What does this mean to you? We usually practice differently than we play for a variety of reasons. Just realize that, in your mind, the rally can signify anything you want it to. And the key to making the right percentage play is in the true understanding of your personal strengths and weaknesses. A point won is a point won whether it hits the net cord and drops over or it knocks the racket out of your challengers hand by the sheer power of the stroke. When the game is won, no one really cares if it was pretty or ugly. Neither should you.

PRACTICE when it is practice time, and PLAY when it is time to simply apply what you learned in practice about yourself and your game.

Thursday, July 8, 2010

Episode 49: Left-handed fair advantage

Why have left-handed players done so well in tennis? Do they have an advantage over righties on the court? We'll take a look at the facts, some history, and even some speculation about lefty vs. righty.

Thursday, July 1, 2010

REFLECTIONS...the paperwork of tennis and life

Paperwork. Who doesn't hate it. Credentials are paperwork, and in tennis, they are something I never felt the need to pursue. It's not that I haven't done diligence and attended seminars, workshops, etc. I've worked hard to learn my skills as both player and instructor. But there are those who will never recognize these skills unless you hold a certain piece of paper. Nowhere was this more of an issue than in public education. I remember working with kids in a before/after-school program around my full-time job and being denied the chance to act as a sub in the very same school where I ran the program. Same kids, same building, same principal. I was told that I needed a sub certificate.

So, I got a sub certificate. To make a long story short, in order to be a teacher, I needed to get a Bachelor's degree, a Certificate of Eligibility, and then a Provisional Teacher License. I also needed to attend yet more classes at night. More paperwork. But successful I was, and all those goals were accomplished. Every step was a battle, and with every battle came an inevitable victory.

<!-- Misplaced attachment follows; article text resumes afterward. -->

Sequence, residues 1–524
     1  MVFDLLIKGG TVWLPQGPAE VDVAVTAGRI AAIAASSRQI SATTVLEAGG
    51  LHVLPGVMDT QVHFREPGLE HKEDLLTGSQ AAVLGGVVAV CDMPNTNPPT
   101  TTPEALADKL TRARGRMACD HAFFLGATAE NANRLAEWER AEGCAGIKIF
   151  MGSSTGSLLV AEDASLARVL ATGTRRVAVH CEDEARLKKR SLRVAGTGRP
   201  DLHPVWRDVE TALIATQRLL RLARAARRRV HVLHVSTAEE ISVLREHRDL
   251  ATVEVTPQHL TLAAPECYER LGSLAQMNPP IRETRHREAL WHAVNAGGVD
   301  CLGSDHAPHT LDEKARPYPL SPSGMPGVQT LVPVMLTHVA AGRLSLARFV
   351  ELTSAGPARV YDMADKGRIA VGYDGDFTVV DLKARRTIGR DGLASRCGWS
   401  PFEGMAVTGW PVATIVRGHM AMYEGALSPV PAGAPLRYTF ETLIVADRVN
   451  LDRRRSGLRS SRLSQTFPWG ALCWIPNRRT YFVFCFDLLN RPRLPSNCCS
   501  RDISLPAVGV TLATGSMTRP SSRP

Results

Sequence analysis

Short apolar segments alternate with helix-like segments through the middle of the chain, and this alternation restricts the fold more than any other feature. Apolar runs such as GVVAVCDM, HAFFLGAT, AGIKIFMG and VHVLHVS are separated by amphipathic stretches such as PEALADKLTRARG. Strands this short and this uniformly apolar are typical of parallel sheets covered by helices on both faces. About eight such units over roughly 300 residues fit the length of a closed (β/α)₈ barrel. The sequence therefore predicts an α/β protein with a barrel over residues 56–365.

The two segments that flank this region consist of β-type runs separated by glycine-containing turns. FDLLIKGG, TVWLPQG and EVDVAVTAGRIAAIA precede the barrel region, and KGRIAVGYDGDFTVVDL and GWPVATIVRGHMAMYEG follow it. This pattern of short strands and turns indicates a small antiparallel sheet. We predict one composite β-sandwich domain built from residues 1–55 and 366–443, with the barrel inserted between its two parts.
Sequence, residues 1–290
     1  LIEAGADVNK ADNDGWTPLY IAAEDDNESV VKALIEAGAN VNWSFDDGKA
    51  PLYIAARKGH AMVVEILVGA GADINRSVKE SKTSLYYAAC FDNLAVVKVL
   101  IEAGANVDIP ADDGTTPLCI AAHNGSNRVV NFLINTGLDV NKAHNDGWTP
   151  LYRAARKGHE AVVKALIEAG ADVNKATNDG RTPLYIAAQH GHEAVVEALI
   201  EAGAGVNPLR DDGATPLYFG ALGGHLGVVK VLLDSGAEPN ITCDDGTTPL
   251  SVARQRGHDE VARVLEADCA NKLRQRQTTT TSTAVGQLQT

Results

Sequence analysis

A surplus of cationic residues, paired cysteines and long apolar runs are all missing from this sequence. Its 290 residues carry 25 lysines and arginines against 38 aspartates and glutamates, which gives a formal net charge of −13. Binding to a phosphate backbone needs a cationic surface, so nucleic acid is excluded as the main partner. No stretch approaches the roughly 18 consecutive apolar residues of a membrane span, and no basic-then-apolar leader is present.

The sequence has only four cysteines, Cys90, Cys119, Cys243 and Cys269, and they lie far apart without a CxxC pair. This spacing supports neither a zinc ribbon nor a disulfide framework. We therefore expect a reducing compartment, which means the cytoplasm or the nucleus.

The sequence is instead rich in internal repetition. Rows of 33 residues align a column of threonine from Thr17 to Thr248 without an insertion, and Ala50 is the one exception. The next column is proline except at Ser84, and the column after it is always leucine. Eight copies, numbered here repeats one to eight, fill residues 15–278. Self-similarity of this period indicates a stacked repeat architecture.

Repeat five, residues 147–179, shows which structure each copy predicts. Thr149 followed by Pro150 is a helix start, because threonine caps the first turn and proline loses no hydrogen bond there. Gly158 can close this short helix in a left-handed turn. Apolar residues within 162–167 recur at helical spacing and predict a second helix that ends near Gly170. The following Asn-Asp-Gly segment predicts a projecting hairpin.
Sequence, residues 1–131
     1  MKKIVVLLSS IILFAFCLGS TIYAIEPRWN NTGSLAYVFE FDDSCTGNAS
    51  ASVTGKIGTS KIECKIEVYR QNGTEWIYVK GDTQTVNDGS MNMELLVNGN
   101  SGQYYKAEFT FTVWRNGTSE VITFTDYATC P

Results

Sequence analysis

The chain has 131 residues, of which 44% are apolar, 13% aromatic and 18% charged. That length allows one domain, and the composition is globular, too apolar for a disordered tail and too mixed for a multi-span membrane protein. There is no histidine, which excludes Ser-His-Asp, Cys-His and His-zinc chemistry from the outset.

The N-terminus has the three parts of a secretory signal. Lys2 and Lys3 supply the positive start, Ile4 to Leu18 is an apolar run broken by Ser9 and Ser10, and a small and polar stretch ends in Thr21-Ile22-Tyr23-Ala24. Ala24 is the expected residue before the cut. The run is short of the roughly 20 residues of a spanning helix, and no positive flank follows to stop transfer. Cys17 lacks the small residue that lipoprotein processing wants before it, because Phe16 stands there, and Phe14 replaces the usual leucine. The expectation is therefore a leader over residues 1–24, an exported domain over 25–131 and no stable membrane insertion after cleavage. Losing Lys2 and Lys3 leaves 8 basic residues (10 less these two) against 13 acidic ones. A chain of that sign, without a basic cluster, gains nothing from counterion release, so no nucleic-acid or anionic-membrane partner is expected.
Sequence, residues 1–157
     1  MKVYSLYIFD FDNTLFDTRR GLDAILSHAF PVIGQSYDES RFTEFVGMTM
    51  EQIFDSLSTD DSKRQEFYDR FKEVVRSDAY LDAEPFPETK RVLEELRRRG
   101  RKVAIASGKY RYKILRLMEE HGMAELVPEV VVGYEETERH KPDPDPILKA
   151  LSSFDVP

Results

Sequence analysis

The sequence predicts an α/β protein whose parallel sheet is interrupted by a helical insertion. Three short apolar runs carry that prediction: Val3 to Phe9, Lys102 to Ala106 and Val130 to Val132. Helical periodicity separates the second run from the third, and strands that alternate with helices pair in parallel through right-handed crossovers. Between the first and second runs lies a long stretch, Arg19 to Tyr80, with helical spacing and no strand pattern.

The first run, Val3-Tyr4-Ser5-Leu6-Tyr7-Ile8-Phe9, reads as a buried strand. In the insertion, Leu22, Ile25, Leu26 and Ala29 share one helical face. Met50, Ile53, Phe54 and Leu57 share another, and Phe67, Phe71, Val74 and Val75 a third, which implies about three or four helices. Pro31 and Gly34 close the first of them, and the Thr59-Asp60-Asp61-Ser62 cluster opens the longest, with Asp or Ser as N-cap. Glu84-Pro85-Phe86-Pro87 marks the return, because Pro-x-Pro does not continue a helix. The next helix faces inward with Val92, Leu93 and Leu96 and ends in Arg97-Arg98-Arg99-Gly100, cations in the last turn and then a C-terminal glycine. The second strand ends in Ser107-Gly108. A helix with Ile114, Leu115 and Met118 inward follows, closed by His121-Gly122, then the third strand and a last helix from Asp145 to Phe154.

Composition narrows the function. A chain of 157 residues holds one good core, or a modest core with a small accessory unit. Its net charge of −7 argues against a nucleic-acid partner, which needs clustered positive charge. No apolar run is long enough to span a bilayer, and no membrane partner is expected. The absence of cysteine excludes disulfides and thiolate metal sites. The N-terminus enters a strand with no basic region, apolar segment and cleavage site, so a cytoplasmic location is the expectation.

The educational field has been up and down for many reasons, but from years of teaching tennis prior, I had decided that working with kids for the "lightbulb" moment was worth the struggle of changing jobs, careers, and juggling every part of my life.

So recently, I decided that I might get one more piece of paper. This one related to tennis. I did my research and found the Professional Tennis Registry or PTR based in Hilton Head Island, South Carolina. Yet more effort on my part produced another favorable result. I now hold the credential of being a PTR Certified tennis instructor.

Yes, more paperwork. Credibility established. Naysayers silenced (well, at least some of them). But my racket skills, teaching experience, and knowledge base had already been firmly in place from decades of effort that came well before that certificate.

Ah, but that glorious paperwork. Don't ever let it define what or who you are. And don't let others define your credence since you are whatever you believe yourself to be. Great men (and women) have irrepressible belief.

TENNIS NOTE: if you ever feel the pressure of winning or losing a tennis match, remember that there are much bigger challenges ahead and bigger victories in your life to be had (try raising children for example). This might help you relax and play better tennis than ever.